New code of practice for recording data on underground utilities

BSI, the business standards company, has launched a new code of practice to transform the way data on underground utilities – such as water pipes, telephone lines, and fibre optic cables – is captured, recorded, maintained and shared.

Accurate mapping of underground utilities – also known as “buried assets” – is vital for those undertaking excavations in order to maintain service, minimize costs and comply with health and safety legislation. There are in excess of 3 million highway excavations each year – yet there is scant industry guidance for asset owners on how they might best manage and maintain these data records. This results in unnecessary excavations, causing needless environmental disturbance and inconvenience for the public.   

PAS 256, Buried assets – Capturing, recording, maintaining and sharing of location information and data – Code of practice, was created to address the variable quality, reliability and availability of existing data. Sponsored by the Institution of Civil Engineers, the PAS provides recommendations and guidance to improve the capturing, recording and maintaining of data related to buried assets, and the security-minded sharing of asset information relating to utilities’, local authorities’ and other providers’ infrastructure.

The vast network of buried assets in the UK, typically owned by utility companies and local authorities, form a key part of the UK’s critical national infrastructure. The PAS applies to buried assets located in private and public land, and the code of practice covers:

-       transition of spatial data, using relative accuracy as a minimum and moving towards absolute accuracy, (including depth) together with supporting evidence such as photographs or tagging

-       inclusion of decommissioned or abandoned assets when sharing data

-       the use of warning and protection devices to aid the final location of the buried asset

-       a target number of days to make data available for sharing from installation

-       the capture of data emanating from works carried out under s50 license or equivalent  

-       compatibility with Geography Markup language (GML)

-       the inclusion of local authority and other organizations’ buried assets

-       movement from paper or microfiche records to a structured, accessible digital format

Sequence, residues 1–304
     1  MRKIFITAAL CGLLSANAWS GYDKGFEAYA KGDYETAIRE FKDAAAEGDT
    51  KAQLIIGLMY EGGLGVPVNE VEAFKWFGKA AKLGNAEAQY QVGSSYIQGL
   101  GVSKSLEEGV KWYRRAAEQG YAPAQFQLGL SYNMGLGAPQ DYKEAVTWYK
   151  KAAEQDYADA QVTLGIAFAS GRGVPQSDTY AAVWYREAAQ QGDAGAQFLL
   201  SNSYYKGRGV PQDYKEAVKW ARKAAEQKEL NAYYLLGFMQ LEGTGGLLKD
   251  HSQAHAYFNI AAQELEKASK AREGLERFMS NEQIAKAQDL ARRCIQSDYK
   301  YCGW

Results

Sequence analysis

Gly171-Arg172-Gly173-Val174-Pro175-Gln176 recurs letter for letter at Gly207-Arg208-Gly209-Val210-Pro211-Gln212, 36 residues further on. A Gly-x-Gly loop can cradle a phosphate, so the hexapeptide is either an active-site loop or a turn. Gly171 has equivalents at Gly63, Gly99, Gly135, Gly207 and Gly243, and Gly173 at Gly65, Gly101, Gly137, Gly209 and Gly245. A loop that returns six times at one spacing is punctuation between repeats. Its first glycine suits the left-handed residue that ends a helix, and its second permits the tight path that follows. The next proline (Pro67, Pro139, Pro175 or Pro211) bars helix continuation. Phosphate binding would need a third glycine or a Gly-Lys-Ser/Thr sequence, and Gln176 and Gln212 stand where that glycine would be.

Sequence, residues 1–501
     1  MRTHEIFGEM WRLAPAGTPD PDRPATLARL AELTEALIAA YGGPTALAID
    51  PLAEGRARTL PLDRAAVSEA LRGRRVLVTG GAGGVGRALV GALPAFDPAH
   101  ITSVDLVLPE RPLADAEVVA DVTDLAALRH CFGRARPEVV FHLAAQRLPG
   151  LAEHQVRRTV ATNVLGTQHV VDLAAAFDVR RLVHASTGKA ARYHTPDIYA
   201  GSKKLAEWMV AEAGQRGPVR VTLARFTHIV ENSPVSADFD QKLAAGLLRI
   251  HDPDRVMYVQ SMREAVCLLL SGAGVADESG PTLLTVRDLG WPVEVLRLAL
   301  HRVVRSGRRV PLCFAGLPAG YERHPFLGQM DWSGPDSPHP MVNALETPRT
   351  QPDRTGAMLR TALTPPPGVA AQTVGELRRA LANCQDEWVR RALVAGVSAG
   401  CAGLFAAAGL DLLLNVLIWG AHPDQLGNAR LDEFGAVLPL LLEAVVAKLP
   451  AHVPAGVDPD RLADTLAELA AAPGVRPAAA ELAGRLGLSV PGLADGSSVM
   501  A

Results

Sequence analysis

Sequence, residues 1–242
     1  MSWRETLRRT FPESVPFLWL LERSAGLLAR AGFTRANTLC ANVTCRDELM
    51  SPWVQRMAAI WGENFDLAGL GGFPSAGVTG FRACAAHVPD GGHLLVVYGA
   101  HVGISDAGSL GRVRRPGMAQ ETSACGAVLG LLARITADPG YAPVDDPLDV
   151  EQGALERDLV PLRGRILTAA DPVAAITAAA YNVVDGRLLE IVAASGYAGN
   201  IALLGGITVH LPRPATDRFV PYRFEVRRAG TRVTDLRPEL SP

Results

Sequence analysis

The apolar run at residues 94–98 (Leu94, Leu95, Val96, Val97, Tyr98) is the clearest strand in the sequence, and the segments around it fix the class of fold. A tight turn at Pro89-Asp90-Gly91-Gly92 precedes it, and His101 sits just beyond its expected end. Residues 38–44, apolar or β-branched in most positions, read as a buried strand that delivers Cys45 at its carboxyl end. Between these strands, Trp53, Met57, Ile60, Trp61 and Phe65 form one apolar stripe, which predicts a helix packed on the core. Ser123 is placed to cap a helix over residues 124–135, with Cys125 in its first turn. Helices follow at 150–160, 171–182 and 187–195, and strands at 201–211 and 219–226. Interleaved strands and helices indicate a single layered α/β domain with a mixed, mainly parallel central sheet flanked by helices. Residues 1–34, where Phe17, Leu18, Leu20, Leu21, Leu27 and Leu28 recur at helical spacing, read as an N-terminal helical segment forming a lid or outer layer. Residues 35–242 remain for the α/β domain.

-       symbology, typology, colour coding and layering

-       a data glossary

Ant Burd, Head of Market Development for Built Environment at BSI, said: “Needless digging wastes time and money. PAS 256 was created to make it easier for organizations to capture, record, maintain and share the location of their excavation work. Access to data is a win-win for the industry, the environment, and local residents subjected to repeated digging outside their homes or businesses.”

PAS 256 is intended to be used alongside PAS 128, Specification for underground utility defection, verification and location. PAS 128 applies to active, abandoned, redundant or unknown underground utilities and the location of their associated surface features. It specifies requirements for the detection, verification and location of existing and new underground utilities.

In addition to the Institution of Civil Engineers, the following organizations were also involved in the development of PAS 256: A Luck Associates; Aberdeenshire County Council Atkins; Centriforce Products Ltd; Civil Engineering Contractors Association; Enfield Council; Heathrow Airport Holdings Ltd; Les Guest Associates; LinesearchbeforeUdig Ltd; National Joint Utilities Group; Ordnance Survey Ltd; Pitney Bowes Software; Premier Energy Services Ltd; Subscan Technology Ltd; Thames Water; TPS Consult; Transport for London; University of Birmingham, School of Engineering; and a co-opted member.

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